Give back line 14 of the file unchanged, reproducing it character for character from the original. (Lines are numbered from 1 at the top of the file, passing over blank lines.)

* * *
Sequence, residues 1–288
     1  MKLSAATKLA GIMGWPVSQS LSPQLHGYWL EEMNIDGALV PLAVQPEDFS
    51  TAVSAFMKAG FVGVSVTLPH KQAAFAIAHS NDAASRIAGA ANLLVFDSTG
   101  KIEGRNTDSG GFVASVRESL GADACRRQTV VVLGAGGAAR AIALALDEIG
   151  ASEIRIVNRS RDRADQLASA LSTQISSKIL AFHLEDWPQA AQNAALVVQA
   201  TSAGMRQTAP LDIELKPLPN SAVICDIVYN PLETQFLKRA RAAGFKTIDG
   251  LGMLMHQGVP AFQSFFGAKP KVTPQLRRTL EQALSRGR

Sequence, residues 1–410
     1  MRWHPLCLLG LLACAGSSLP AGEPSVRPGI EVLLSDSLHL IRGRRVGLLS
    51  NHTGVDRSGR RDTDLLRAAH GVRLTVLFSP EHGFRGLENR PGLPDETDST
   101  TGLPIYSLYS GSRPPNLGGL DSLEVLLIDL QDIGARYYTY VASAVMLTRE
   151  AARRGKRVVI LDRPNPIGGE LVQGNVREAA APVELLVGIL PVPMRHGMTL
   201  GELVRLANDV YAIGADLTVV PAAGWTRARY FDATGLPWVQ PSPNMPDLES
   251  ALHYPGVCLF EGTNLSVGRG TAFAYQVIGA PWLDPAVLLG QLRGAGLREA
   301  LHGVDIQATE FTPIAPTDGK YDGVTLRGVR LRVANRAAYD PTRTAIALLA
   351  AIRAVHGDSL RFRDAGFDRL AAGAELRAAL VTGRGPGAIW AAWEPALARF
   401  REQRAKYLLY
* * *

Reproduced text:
   251  ALHYPGVCLF EGTNLSVGRG TAFAYQVIGA PWLDPAVLLG QLRGAGLREA